3 June 2009
Update May 2011
Another trip and another set of photos:
Yarningale is part of a trio of aqueducts on the South Stratford Canal. Whereas Edstone is the longest in England this diminutive structure must rank as one of the shortest - a runty 42 feet, so short that even Wand'ring Bark can't be contained within its cast iron trough.
Yarningale Aqueduct - Captain Ahab's own collection
This is the second single span aqueduct to be built on the site, crossing a small stream near Preston Bagot. The first was a wooden affair, built in 1812 and washed away by a flood in 1834, caused by a surge from the Grand Union. It's replacement, the aqueduct we see today, was erected in an astonishing 27 days in 1834, having been cast at the Horsley Ironworks, whose output graces much of the BCN.
The aqueduct comes as something of a surprise, with its 9 foot wide channel leading directly into the top of Bucket Lock (number 34) and appears for all the world to be an extended narrows. Boaters therefore find themselves coming to a stop just before the top gates and unexpectedly looking down at a stream passing through a densely wooded valley.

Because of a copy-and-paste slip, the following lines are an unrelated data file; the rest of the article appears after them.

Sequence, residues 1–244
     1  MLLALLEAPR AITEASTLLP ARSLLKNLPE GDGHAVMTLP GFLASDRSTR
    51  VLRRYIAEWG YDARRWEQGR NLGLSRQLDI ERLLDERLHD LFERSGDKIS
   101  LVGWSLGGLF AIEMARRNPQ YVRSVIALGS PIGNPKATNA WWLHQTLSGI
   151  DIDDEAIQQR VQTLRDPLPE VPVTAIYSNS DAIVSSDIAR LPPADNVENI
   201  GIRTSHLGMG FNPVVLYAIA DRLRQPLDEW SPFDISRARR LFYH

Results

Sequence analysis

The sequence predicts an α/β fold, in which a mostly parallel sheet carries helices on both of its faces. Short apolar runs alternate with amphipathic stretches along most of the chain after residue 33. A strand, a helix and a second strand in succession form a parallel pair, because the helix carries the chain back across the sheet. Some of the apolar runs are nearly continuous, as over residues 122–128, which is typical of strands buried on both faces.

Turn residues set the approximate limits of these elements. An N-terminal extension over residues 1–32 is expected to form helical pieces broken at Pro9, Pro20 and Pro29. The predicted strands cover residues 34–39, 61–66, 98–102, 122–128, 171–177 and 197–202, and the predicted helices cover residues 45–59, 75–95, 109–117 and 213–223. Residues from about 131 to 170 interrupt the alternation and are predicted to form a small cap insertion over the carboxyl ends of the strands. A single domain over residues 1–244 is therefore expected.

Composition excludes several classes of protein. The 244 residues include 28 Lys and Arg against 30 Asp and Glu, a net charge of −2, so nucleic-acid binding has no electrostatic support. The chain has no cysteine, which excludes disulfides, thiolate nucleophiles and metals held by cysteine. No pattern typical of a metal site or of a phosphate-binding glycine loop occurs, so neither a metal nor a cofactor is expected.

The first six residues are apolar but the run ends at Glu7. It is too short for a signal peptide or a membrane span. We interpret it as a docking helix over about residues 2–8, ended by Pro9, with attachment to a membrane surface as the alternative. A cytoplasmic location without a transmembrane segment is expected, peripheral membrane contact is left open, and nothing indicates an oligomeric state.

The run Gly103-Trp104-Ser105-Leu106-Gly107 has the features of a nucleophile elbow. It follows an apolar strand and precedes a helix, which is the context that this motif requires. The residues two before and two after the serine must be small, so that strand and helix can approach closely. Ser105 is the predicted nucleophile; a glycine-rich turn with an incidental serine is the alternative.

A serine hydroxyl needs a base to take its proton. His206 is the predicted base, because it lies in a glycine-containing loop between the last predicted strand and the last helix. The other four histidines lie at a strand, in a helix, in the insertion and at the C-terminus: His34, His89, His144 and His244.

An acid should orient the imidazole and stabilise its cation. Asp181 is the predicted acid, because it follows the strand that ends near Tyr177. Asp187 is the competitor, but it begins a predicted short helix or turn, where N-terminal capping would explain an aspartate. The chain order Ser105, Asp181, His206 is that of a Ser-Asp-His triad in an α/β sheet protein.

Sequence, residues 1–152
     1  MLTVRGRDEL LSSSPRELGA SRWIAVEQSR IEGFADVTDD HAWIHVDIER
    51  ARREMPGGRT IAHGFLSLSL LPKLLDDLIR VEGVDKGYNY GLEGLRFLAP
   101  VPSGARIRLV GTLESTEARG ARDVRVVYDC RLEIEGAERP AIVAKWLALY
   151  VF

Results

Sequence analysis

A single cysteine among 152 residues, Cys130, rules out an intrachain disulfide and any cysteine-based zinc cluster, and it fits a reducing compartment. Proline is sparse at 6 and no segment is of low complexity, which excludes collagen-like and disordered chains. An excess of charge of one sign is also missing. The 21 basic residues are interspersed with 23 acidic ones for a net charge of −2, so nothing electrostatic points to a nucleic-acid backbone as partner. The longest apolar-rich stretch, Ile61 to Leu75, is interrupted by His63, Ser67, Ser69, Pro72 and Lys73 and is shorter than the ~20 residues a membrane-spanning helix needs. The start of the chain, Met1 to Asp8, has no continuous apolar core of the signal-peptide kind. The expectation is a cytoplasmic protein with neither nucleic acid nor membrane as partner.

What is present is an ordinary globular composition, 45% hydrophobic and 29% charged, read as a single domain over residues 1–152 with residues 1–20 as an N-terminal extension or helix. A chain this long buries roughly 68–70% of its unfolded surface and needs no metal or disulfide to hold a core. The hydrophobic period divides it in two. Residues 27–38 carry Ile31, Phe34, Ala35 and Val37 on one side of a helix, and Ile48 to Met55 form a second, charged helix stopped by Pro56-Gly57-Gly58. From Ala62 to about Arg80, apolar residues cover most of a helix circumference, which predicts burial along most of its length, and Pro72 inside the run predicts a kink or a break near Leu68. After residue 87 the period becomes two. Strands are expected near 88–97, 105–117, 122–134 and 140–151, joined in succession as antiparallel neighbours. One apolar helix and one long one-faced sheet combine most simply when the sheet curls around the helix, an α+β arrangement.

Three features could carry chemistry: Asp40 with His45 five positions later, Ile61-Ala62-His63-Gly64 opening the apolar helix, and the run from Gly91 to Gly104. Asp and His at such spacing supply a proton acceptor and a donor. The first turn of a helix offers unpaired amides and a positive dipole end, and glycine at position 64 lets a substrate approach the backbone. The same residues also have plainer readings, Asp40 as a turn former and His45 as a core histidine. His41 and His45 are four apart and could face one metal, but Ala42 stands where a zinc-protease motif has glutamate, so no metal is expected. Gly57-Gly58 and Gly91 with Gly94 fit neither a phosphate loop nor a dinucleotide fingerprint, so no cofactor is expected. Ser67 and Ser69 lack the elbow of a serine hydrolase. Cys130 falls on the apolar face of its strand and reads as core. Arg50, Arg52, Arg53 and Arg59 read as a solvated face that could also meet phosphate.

Like its counterpart at Wootton Wawen, the cast iron trough was made without an expansion joint and this resulted in the inevitable split, this time over one of the abutments. Yarningale aqueduct formed part of the "three aqueducts" project in 2003, when major repairs were undertaken to the brick buttresses and the trough, where years of frost damage and corrosion was corrected and the structure rendered safe for many years to come.